Local doctor notices quick uptick in the number of positive test results and that sets in motion an effort to contain further spread of the disease
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By Michael Hill
After a recent trip to Florida — one of the states on New Jersey’s coronavirus hotspot list — Ben Segall got tested for COVID-19. The test came back negative, but he says he wanted to be safe.
“I just knew that I didn’t want to get my friends and family sick, so I wanted to make sure everything was OK,” he said.
But, per Gov. Phil Murphy’s orders, Segall is still required to quarantine
“Regardless of their tests being negative they still need to quarantine for 14 days, still need to maintain social distancing like everybody else and still need to wear their masks as well. Just because their test is negative doesn’t necessarily mean they’re not infected because they could be falling into that grey area. The incubation period is 14 days,” said Dr. Gaurang Brahmbhatt, chief medical officer at Riverside Medical Group in Hoboken.
Brahmbhatt also strongly recommends travelers get tested within four to seven days.
Recently, travelers from Morris and Sussex counties to a wedding in Myrtle Beach, South Carolina tested positive for COVID-19. And 12 out of 13 new cases in Hoboken are a result of people traveling to states on New Jersey’s quarantine list, including Florida, Texas and the Carolinas, officials say.
Noticing an uptick in positives
Some of the COVID-19 cases from southern states were discovered at Riverside Medical Group, which does testing for the virus by appointment Monday through Saturday.
“I, myself, noticed it about two weeks ago. We had six days of zero positives, and then all of sudden one day we had six, one day we had four so I kind of stood up and said what’s happening here. What happened?” Brahmbhatt said.
The doctor reported the spike to Hoboken Mayor Ravinder S. Bhalla who urged the public to heed the governor’s travel warnings.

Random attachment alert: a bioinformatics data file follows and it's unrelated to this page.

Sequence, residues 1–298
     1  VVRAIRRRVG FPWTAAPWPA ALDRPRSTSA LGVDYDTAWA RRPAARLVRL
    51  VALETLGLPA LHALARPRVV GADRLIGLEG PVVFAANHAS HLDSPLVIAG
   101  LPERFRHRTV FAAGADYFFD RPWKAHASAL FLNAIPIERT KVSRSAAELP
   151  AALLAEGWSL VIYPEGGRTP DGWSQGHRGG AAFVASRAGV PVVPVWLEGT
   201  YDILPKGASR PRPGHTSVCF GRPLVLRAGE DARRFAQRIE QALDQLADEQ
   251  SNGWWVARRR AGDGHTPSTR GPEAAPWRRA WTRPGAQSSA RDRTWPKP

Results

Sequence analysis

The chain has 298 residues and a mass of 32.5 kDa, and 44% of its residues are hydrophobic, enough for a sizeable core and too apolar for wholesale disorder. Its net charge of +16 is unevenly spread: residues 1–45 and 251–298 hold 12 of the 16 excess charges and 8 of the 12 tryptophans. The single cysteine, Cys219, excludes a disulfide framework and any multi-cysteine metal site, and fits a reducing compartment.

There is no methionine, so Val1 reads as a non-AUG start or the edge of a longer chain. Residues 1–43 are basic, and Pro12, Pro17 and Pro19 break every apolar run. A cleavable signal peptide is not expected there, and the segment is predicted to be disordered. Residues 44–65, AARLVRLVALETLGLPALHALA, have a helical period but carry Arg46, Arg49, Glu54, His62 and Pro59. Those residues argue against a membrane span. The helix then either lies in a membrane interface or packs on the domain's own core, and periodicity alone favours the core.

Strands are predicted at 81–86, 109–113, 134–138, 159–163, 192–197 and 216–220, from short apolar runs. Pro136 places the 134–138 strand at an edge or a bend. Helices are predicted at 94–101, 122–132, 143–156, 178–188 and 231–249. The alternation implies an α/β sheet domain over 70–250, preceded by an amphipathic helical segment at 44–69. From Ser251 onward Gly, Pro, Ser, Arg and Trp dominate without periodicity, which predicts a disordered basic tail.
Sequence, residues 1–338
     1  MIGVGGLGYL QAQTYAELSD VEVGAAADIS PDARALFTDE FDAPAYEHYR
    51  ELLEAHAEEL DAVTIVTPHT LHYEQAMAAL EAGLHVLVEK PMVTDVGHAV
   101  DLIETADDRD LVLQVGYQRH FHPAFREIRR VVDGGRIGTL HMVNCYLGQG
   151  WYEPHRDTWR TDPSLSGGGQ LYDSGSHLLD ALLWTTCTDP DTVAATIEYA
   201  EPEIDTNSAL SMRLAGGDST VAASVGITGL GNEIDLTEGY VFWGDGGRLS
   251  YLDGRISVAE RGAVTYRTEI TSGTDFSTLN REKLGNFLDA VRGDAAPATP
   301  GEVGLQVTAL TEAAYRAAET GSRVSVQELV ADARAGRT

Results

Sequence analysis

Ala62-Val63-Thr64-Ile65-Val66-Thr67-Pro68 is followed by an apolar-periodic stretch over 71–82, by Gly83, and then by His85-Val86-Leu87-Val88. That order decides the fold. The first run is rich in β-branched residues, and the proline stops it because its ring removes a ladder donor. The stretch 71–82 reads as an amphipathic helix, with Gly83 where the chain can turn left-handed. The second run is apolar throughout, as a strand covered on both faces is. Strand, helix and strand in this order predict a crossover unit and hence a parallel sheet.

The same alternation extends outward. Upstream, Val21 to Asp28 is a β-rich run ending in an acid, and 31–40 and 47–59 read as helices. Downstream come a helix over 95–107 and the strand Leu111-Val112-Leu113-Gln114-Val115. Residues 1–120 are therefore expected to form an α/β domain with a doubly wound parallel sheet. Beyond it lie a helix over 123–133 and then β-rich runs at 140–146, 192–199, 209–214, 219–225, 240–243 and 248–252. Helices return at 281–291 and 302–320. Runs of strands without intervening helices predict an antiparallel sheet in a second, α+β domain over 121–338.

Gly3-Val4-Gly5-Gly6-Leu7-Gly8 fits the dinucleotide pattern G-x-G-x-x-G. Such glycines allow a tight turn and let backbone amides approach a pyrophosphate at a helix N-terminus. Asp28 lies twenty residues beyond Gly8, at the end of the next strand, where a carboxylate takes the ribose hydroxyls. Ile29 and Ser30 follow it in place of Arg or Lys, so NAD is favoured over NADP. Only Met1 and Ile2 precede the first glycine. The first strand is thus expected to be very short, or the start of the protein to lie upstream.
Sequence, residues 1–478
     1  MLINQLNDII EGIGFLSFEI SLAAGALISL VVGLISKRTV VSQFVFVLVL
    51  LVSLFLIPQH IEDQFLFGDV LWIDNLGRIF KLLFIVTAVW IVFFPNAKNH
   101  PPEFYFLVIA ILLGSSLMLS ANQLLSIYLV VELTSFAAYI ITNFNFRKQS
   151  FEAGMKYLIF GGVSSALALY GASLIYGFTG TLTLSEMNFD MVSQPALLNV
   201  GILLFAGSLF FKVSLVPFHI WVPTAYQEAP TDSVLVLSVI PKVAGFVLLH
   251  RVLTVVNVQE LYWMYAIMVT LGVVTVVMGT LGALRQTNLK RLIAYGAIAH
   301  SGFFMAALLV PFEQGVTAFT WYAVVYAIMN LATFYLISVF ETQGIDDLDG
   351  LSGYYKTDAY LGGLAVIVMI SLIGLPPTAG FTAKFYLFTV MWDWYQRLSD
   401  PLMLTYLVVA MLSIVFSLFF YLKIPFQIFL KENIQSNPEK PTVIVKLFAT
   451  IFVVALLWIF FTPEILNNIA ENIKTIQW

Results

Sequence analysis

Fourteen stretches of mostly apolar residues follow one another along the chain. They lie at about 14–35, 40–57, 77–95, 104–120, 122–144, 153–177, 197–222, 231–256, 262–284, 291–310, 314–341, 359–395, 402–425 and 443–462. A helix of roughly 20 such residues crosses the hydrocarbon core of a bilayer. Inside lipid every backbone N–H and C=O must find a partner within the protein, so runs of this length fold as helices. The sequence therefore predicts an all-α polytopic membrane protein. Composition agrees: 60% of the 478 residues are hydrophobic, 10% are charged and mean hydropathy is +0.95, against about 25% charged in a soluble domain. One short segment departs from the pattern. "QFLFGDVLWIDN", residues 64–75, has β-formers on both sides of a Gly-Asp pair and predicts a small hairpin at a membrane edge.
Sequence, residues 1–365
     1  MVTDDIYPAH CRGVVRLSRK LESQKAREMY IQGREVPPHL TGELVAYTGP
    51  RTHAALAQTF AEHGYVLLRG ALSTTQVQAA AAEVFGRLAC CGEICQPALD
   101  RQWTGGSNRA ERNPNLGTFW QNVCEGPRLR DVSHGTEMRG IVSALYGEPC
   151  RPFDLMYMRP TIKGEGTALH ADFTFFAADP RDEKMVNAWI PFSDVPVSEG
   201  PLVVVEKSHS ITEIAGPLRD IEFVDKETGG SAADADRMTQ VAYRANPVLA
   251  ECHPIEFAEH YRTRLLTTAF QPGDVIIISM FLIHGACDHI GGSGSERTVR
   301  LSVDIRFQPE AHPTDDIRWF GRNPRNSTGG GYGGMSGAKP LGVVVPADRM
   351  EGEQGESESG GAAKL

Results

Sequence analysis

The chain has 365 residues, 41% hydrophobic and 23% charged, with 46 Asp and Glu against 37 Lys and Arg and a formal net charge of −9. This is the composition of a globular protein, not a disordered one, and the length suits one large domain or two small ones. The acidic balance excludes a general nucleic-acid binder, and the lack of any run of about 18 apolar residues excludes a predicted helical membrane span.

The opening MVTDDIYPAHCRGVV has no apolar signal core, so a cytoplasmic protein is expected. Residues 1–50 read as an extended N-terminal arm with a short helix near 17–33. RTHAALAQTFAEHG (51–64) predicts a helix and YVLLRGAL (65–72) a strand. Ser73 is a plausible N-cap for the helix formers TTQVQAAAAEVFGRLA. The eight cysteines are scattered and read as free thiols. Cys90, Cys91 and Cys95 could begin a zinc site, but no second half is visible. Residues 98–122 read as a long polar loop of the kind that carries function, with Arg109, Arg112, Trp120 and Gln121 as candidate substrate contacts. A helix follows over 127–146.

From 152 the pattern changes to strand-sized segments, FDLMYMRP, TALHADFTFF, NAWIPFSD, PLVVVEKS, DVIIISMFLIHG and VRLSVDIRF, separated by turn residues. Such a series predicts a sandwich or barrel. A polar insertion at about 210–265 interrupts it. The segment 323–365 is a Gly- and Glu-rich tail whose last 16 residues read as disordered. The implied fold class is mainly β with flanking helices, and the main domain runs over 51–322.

The spike points to New Jersey losing ground in the COVID-19 battle as the rate of transmission — or how many others each person with the virus infects — is edging up instead of down. Now, it’s back higher than 1.
Murphy often has cited COVID Act Now’s data collection of the virus. Monday, the group said the Garden State is still among the best in handling the outbreak.
“New Jersey is one of the states right now that’s actually seeing a decrease on net in active COVID cases, which of course is such a marked departure from two, two and a half months ago. The whole tristate area, in fact, is doing comparatively well, to the Floridas, the Arizonas, the Texases of the U.S.,” said Jonathan Kreiss-Tompkins, policy lead at COVID Act Now.
On Sunday, the governor went on “Meet the Press” and said it was time to mandate face coverings nationwide in America. Montclair State University epidemiologist Stephanie Silvera agrees.
“We are seeing a number of people who are pre-symptomatic, or with mild symptoms, who don’t recognize them as COVID and we’re seeing that that is how, very often, this virus is being spread,” Silvera said.
Silvera is among the scientists who thinks the coronavirus remains infectious in aerosolized particles longer than the World Health Organization says. “For me, the key message is when you’re indoors the risk is much higher than if you’re outdoors. And so even if you can be six feet away indoors, you really need to be wearing some sort of face covering,” she said.
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